January 26, 2012
JACK KENNEDY, ELUSIVE HERO: SKIPPER
Knoxville, Tennessee (JFK+50) Today JFK+50 reports on the 3rd chapter of Chris Matthews’ new book, published by Simon & Schuster, Jack Kennedy: Elusive Hero.
The title of Chapter 2 is: SKIPPER.
Chris begins by writing “War, for a time, joined the two Jacks as one.”
He tells us that JFK’s war experiences would “transition him into a figure like those who previously consumed his imagination.”
On the way to a PT base in the South Pacific, JFK’s LST transport was attacked by a Japanese aircraft. That was his introduction to WWII.
“Lt. (JG*) Kennedy found for himself a new world in the navy. What united the officers was merit.”
The naval officers were college men. Many, like JFK, were from “Ivy League” schools.
Just as he had done at Choate & Harvard, JFK quickly made new friends in the navy. Men like Paul “Red” Fay & Jim Reed.
Jim Reed related that in the South Pacific one day, Jack said to him that “he’d never had an unhappy day in his life.”
And yet JFK slept on a plywood board & used a corset for his back problems, even before the crash of the PT109.**
**The story of the PT109 can be found on 2 previous postings on JFK+50 (see labels). We will discuss the new things about the story we learned from Chapter 3.
Chris includes the transcript of a letter written by JFK after the PT109 crash to his girlfriend, Inga Arvad.
In the letter, Jack writes:
“I received a letter…..from (Pappy McMahon’s) wife (who) thanked me for saving her husband. She said: ‘I suppose….to you it was just part of your job, but (my husband) was part of my life & if he had died, I don’t think I would have wanted to go on living.'”***
***Pappy was the oldest man on the crew of the 109. At his post in the engine room, he was so badly burned he couldn’t swim. JFK put a life-preserver on him & with it’s strap clenched between his teeth, Lt. Kennedy did the breast stroke for 3 miles pulling him along behind.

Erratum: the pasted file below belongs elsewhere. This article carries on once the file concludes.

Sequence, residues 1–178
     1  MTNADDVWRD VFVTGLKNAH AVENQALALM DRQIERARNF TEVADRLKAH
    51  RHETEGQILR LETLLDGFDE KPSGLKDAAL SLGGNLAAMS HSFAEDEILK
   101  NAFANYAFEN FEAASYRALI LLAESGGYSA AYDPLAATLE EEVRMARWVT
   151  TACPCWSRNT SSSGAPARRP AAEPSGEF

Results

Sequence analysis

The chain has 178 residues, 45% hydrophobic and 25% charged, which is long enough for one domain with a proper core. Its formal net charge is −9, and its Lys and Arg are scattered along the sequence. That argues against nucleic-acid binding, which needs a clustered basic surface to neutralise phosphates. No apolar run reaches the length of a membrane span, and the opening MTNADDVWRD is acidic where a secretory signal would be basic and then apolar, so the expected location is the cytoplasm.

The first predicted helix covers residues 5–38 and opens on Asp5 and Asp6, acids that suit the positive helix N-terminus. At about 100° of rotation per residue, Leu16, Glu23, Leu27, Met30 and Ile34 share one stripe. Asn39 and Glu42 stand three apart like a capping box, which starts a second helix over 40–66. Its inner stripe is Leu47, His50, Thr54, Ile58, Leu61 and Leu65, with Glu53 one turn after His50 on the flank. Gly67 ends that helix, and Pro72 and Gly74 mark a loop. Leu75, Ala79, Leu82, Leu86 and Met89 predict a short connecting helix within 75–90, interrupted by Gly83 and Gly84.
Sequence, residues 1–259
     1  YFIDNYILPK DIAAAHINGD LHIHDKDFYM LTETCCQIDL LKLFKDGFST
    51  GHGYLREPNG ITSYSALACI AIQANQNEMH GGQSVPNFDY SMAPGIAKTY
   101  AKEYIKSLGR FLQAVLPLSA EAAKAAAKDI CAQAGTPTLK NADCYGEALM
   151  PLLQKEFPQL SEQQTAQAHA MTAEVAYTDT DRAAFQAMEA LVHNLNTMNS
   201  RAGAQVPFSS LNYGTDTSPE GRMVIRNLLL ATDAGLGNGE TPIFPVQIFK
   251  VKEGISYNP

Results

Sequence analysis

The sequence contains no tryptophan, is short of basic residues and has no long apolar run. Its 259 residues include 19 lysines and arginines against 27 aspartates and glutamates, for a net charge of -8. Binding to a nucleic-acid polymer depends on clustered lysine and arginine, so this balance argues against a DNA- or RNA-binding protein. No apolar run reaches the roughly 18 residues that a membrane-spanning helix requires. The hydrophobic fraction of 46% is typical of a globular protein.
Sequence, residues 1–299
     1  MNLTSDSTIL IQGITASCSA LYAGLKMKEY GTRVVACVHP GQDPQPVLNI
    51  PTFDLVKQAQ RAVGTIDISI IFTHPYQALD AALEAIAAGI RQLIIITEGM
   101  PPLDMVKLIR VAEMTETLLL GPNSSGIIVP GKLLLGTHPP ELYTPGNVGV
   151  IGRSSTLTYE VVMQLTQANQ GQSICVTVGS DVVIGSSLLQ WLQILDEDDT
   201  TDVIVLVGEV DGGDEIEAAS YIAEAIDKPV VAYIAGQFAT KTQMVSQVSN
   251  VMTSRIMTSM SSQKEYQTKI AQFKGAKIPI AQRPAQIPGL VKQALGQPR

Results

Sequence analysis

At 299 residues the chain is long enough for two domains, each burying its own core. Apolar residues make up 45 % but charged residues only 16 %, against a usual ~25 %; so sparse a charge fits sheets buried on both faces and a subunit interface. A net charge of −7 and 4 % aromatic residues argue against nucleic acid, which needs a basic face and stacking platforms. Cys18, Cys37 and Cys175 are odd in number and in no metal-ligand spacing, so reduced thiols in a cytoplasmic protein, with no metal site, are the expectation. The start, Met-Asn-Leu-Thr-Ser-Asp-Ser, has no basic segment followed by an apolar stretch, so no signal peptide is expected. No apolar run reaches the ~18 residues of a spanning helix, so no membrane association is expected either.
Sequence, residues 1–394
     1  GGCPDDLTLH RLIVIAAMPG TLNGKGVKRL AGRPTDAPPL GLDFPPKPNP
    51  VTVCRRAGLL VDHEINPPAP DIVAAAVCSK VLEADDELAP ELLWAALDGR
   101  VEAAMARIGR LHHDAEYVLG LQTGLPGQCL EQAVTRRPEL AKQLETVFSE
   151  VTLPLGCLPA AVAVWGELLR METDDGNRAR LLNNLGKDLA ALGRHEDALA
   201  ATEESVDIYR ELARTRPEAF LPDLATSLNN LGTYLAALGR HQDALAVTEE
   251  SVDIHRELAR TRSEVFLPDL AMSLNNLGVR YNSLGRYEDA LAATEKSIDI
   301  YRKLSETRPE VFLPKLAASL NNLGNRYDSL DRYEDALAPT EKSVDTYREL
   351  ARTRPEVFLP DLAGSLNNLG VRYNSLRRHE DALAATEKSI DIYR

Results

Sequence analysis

US Flag from the PT109
JFK Library Photo
While JFK won the Purple Heart & Navy & Marine Corps Medals for his heroics, he also contracted tropical malaria & was diagnosed with “chronic disc disease of the lumbar area.”
He had to spend a good deal of time at the Chelsea Naval Hospital when he came back stateside.
To this point, I don’t think we have found anything in Chris’s book that we have questioned or disagreed with, that is until now as Chris Matthews discusses the death of Joe Junior.
Chris writes that Joe Junior was killed “that August….(on) a mission to fly a plane packed with….TNT toward a V3 site on the French coast…”
Sorry, Chris, I always thought it was a V-2 site. I don’t claim to be an expert on Hitler’s vengeance weapons, but I had not even heard of the V3.
I thought, could this just be a typographical error? So I did some research on both the V2 & V3. I did learn something new, there was a V3.
But according to “a fellow officer’s declassified report” posted on the JFK Library website:
“the mission….was to culminate in a crash-dive on the target, a V-2 rocket launching site in Normandy (France).”
The V3 cannon was designed to fire barrages of small rocket projectiles from underground & although designed to reach London “was never used for this purpose due to Allied attacks…”.
And another source says “no shell from a V3 ever hit England.”****
****Sources: www.historynet.com & www.theotherside.co.uk/
Again, my apologies to Chris Matthews, but based on these sources, I would have to say that it was a V-2, not a V-3, launching site to which Joe Junior was headed at the time of the mid-air explosion.
Joseph P. Kennedy, Jr.
Ensign US Navy (1942)
JFK Library Photo
Chris writes that with Joe Junior’s death, as well as those of his sister Kathleen or “Kick” & her husband, Billy Hartington, JFK “was now ready” to accept his legacy & pursue the political profession.